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8th March 2010

Recently the Department of Homeland Security issued a notice that the rules regarding attorney representation would be amended in order to fall in line with the relevant Department of Justice regulations. To quote a the summary in the Federal Register which is displayed on the American Immigration Lawyers Association (AILA) website:

“The Department of Homeland Security (DHS) is amending its regulations governing representation and appearances by, and professional conduct of, practitioners in immigration practice before its components to: Conform the grounds of discipline and procedures regulations with those promulgated by the Department of Justice (DOJ); clarify who is authorized to represent applicants and petitioners in cases before DHS; remove duplicative rules, procedures, and authority; improve the clarity and uniformity of the existing regulations; make technical and procedural changes; and conform terminology. This rule enhances the integrity of the immigration adjudication process by updating and clarifying the regulation of professional conduct of immigration practitioners who practice before DHS.”

As has been discussed on this blog before, the issue of attorney representation is of great importance due to the fact that there are many disreputable organizations calling themselves such things as “visa company,” “visa agency,” or, “visa consultant” and other unscrupulous operators who go so far as to claim attorney credentials when they are, in fact, unlicensed to practice law in the United States and therefore unable to practice US Immigration law. To quote the Federal Register again:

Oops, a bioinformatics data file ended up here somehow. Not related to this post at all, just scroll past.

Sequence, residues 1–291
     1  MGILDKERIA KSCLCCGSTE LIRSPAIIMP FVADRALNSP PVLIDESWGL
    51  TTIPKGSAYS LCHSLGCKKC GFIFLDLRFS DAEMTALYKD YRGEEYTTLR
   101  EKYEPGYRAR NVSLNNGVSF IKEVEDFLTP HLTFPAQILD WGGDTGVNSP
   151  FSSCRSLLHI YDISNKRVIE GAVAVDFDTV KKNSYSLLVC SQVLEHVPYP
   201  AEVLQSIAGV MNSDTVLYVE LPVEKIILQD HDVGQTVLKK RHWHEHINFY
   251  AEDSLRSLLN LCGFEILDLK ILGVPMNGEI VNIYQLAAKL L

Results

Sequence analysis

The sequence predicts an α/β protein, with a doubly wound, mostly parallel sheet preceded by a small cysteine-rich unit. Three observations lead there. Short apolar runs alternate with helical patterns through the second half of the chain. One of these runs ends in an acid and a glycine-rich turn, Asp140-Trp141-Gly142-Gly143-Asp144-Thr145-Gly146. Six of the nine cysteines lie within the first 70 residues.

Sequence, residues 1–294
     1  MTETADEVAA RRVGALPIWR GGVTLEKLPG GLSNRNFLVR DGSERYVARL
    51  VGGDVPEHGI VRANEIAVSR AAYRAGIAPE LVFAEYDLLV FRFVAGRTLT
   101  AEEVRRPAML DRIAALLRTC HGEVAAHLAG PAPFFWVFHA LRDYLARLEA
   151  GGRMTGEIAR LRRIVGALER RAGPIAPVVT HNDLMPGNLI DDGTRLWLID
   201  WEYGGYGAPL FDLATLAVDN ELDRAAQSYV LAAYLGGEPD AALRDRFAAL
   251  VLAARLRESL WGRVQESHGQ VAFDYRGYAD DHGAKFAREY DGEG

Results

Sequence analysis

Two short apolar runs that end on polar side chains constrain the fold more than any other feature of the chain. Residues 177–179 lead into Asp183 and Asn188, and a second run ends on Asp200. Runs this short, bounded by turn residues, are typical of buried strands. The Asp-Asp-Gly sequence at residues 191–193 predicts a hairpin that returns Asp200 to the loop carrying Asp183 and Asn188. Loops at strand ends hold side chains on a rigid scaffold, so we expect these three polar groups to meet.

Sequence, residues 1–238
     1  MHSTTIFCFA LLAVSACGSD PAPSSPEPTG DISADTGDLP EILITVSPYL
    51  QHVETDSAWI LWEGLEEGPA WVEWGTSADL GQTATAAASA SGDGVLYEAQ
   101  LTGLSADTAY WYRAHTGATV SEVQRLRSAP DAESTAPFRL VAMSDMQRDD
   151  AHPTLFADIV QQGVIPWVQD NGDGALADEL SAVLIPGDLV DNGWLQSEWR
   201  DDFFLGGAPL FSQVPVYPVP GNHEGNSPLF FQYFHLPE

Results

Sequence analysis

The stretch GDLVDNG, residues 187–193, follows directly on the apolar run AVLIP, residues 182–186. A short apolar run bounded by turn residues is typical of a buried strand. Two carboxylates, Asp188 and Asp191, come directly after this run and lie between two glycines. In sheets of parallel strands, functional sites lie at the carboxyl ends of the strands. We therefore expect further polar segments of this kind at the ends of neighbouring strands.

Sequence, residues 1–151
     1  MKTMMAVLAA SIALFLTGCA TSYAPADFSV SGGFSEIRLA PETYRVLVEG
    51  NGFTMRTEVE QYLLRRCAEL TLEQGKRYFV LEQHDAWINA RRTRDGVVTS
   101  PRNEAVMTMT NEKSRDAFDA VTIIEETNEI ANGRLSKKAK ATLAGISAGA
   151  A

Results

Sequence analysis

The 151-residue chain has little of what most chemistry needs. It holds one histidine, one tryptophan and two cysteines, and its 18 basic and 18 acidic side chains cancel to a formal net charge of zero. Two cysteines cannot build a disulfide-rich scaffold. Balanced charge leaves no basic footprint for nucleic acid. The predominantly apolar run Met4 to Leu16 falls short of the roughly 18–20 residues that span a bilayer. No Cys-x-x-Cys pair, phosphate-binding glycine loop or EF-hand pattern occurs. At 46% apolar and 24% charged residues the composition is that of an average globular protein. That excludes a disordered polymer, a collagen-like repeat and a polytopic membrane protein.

“Definition of attorney. This rule amends the definition of “attorney” at 8 CFR 1.1(f), to conform with DOJ’s definition at 8 CFR 1001.1(f), by adding the requirement that an attorney must be eligible to practice law in the bar of any State, possession, territory, or Commonwealth of the United States, or of the District of Columbia, in addition to the other requirements for attorneys set forth in that regulation. State bar rules uniformly require licensed attorneys to maintain an active status in order to practice law; however, there has been some confusion as to the applicability of that requirement in determining eligibility to appear as a representative before DHS.”

It is interesting that this addition was made as it imposes an more stringent burden upon practitioners as anyone practicing before the Department of Homeland Security (DHS) or its agencies, like the United States Citizenship and Immigration Service (USCIS), the United States Customs and Border Protection Service (CBP), and the Immigration and Customs Enforcement Service (ICE) must be eligible to practice in virtually every American jurisdiction. It should be noted that eligibility is the only new requirement added as DHS does not require that practitioners be licensed to practice in all US jurisdictions.

It should also be pointed out that attorneys are not the only individuals who can represent clients before DHS. In fact, if an individual is accredited by the Board of Immigration Appeals, then they may represent individuals in certain DHS proceedings. However, such agents are usually non-profit organizations as non-attorney representatives are NOT entitled to charge anything except nominal fees.

For related information please see US Lawyer Thailand or US Visa Thailand.